Two pieces of the new tax law, the Tax Cuts and Job Act of 2017 (TCJA), have a significant impact on life settlements: the increased estate tax exemption and the clarification of the income tax treatment for life settlements.
TCJA doubled the estate tax exemption, which, indexed to inflation, in 2018 will become $11.2 million per individual and $22.4 million, with portability, for a married couple. This change further reduces, by about two-thirds, the already small number of estates that will have to pay this tax. It is estimated that now only about 1,800 estates, annually, will be subject to federal estate taxation.
(Related: New Tax Law Enhances Life Settlements Market)
The higher estate tax exemption means that many policies previously bought for estate tax purposes must be reviewed. It could be determined that some of these policies, including second-to-die contracts, may no longer be necessary or wanted. Although tax laws can always change and it might be prudent to retain the policy for reasons other than estate taxes, some policies will likely be surrendered. Before that happens, it is your responsibility to your clients to investigate the possibility of a life settlement as it could provide substantially more value to the policy owner than surrendering it back to the issuing insurance company. Trust officers, tax advisors and attorneys should be contacted to be sure that they are also aware of potential life settlement opportunities resulting from the new law. You want them to know that they can call you to assist them with this transaction.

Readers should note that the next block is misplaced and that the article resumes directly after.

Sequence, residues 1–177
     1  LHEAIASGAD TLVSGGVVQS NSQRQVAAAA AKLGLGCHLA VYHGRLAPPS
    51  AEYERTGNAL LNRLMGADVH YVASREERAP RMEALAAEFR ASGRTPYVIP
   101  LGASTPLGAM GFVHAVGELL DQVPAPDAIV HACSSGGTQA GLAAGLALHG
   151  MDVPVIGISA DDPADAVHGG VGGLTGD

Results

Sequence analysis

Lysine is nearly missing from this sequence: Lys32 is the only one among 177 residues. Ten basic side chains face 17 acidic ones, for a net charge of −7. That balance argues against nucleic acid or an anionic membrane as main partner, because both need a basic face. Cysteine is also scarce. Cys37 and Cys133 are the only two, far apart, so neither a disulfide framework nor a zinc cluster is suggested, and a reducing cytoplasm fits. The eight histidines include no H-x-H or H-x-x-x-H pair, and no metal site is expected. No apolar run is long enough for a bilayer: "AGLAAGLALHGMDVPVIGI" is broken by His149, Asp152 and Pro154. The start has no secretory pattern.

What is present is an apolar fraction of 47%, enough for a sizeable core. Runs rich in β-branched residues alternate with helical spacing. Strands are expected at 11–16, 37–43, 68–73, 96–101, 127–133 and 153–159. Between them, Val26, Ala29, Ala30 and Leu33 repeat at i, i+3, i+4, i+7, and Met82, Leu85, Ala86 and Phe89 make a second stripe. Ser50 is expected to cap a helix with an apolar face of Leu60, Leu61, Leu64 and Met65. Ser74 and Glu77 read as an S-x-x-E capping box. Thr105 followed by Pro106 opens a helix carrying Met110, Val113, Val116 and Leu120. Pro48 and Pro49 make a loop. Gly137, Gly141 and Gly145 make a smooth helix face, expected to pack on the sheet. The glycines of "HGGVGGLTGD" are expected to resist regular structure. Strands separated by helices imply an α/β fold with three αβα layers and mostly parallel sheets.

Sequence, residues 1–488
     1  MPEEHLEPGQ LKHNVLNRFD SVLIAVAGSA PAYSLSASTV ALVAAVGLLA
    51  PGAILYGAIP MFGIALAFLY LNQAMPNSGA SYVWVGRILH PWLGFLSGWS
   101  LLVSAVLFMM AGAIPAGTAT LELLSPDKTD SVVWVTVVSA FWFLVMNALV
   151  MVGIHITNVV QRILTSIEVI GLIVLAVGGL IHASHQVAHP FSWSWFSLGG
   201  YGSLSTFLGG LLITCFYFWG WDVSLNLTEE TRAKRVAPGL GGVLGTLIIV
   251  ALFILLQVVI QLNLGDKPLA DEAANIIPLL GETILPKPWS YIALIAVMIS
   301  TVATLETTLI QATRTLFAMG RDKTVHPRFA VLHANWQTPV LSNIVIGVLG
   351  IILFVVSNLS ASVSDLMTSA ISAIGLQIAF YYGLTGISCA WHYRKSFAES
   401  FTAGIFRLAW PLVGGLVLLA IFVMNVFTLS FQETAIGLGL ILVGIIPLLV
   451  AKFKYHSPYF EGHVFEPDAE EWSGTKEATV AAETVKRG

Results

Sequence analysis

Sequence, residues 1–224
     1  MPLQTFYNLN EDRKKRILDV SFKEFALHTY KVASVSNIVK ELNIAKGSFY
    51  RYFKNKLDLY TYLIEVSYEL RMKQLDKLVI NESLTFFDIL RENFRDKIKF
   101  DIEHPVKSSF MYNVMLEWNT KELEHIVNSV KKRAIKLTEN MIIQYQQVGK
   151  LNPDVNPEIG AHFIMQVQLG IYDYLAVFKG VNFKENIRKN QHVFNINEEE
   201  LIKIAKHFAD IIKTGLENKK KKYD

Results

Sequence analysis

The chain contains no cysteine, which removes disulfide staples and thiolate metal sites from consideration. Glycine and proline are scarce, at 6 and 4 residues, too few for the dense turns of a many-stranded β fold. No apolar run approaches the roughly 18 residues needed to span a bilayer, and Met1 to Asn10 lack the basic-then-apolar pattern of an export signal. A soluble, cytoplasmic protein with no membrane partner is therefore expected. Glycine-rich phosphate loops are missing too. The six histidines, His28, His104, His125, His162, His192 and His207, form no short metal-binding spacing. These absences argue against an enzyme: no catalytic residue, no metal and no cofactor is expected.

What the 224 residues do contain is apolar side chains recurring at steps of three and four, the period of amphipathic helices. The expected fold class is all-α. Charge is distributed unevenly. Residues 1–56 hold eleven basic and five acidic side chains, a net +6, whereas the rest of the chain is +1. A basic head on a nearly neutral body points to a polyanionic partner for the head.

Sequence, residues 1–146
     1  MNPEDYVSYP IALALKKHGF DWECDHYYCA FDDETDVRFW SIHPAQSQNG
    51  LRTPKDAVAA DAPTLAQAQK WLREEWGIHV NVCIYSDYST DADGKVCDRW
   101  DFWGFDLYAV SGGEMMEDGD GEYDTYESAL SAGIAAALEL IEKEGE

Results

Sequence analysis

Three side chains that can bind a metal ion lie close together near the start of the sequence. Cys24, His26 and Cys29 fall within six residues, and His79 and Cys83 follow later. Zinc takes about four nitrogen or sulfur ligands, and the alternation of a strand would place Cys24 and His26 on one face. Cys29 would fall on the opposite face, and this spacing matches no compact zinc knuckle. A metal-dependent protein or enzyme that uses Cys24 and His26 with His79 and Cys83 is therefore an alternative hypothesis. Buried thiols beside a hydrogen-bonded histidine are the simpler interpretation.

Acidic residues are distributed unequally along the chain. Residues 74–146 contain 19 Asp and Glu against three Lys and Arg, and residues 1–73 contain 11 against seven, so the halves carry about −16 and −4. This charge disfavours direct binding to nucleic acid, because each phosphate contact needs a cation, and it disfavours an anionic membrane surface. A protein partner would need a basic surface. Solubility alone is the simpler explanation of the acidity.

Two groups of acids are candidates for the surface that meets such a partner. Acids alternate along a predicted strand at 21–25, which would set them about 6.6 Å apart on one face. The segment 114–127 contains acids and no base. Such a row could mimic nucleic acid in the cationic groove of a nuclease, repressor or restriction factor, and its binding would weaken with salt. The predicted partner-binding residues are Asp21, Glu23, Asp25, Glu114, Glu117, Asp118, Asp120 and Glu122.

What Your Peers Are Reading
With respect to income taxation, TCJA retroactively returned the tax treatment to what it was prior to 2009 when the Internal Revenue Service issued Revenue Ruling 2009-13. In that revenue ruling the IRS created a difference in the tax basis for policies sold in a life settlement and policies surrendered to the insurance company.
For policies that are surrendered at a gain, the law has long been that the policy owner’s basis is their cumulative investment in the contract, which is basically the cumulative premiums paid less withdrawals and dividends taken from the policy. But for purposes of a life settlement, the IRS ruled that the basis would have to be reduced by the cumulative cost of insurance charges assessed against the policy.
TCJA rejects the IRS ruling and says policies sold in a life settlement receive the same, more favorable, basis as policies that are surrendered.